IN THE STORMY RED SKY – snippet 66:

The Milton had reached the harbor moles. Daniel began to swing her cautiously, holding the cruiser at a steady five hundred-foot altitude. Even a corvette like the Princess Cecile was too big to fling around like an aircar.

In the middle of a battle, Daniel’s intellect had to fight the adrenalin coursing through his system. Feeding in too much thrust was likely to start the ship rolling, spinning, or diving uncontrollably toward the surface which at the moment was scarcely her own length below.
An automatic impeller began raking the cruiser. Daniel might not have noticed it if a slug hadn’t ricocheted through the field which provided real-time imagery forward: his electronic equivalent of a window to look out the bow. The neon-bright streak of osmium bouncing at high velocity from steel was unmistakable if you’d seen it before, as Daniel certainly had.
Once he knew it was happening, he registered the cling-cling-cling of short bursts, three to five slugs each, that continued to rain on the cruiser. The hull was impervious and it wouldn’t be a matter of real consequence either if a spacer or spacers were killed a a round through an open hatch.
Daniel had accepted the likelihood of a few casualties when he decided to let the crew use their small arms during the attack. They wouldn’t have much effect on the enemy at this range, but it helped the crew’s morale if they were a part of the battle instead of waiting blindly while giants slugged it out.
A slug that hit a thruster’s Stellite nozzle would put it out of action till it was replaced. That too would be a hassle, but there was bound to be damage during a battle. This single impeller was no more real danger to the Milton than a wasp was to the crew of an armored vehicle. But like the wasp it was irritating and insistent, and it might cause Daniel to make a mistake. There was nothing he could do about–
“I have him,” said Adele sharply on the command channel. “Her. Can somebody deal with her? She’s knocked out one of my sensor arrays. Over. Out?”
The general display highlighted a guard tower on the southern edge of the military reservation. It had been unmanned at the start of the attack, but an Alliance soldier had put it into action, probably on his own initiative.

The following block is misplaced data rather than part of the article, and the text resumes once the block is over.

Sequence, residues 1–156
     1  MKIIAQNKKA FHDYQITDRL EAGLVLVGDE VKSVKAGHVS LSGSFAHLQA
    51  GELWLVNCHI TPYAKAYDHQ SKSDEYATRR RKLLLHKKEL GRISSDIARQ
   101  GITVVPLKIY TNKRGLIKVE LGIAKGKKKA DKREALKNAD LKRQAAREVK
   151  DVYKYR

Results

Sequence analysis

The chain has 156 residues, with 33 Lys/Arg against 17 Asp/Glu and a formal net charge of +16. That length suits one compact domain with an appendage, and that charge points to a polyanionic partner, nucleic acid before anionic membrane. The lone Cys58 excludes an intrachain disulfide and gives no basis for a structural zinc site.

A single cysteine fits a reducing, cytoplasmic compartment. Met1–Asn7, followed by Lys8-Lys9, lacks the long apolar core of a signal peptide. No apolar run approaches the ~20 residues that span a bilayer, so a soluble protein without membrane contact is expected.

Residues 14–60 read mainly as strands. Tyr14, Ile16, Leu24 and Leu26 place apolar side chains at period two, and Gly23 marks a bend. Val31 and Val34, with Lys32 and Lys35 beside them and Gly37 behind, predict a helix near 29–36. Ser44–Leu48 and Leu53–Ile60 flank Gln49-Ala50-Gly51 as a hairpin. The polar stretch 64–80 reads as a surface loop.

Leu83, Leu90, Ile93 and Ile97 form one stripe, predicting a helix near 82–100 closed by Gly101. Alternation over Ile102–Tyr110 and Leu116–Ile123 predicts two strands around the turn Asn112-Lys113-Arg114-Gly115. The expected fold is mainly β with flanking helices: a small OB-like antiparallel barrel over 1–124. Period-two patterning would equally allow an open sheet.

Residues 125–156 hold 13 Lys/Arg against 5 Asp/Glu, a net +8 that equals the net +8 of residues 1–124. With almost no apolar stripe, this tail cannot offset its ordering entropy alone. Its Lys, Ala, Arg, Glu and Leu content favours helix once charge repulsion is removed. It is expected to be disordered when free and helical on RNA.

Daniel touched the icon beside the caret, bringing up a greatly magnified view of the tower’s interior. The four-sided roof sheltered an automatic impeller on a central pintle. A grimly determined woman crouched behind the weapon, her hands on the spade grips. It was a pity that the mounting allowed the gun full rotation rather than just the ability to sweep the area beyond the fence line. She was aiming across the reservation, an obviously dangerous practice if anybody less skilled had been doing it.
A fluorescent haze spurted from the impeller’s muzzle: the aluminum driving bands vaporized by the flux that accelerated the projectiles up the barrel. Instants later, Daniel heard another cling-cling-cling, then bwow-w-w! as the last slug of the burst skidded from a hull plate on its own wild course.
He didn’t allow himself to adjust the throttles to tighten the turn the way he wanted to do. The tower was a mile and a half away, but when the ship’s side was toward the reservation again there was a reasonable chance that massed luck if not marksmanship would put an end to the irritation.
A ventral plasma cannon had fired. Dust lifted from a graveled parade ground and swirled about the track of the bolt slanting low across it. The inset guard tower was a white flare. A three-story tenement in the civilian district beyond exploded outward, flinging brands in all directions. Other buildings began to burn.
Daniel hadn’t expected that Sun would have a clear shot with either turret. He’d done a very nice piece of work, stabbing the bolt between a pair of empty barracks to clip the top of the guard tower beyond. One could call it a surgical job, though the civilians who’d been downrange of the target probably wouldn’t have been so positive about the result.
The sidewalls of a large building, probably a garage, blew outward. The roof of extruded plastic fluttered down like a dark red blanket. Secondary explosions lifted the roof in tatters, belching gouts of orange flames. A truck wheel flew up like a flipped coin, then spun back into the pall of black smoke which rippled to cover the remains of the roof.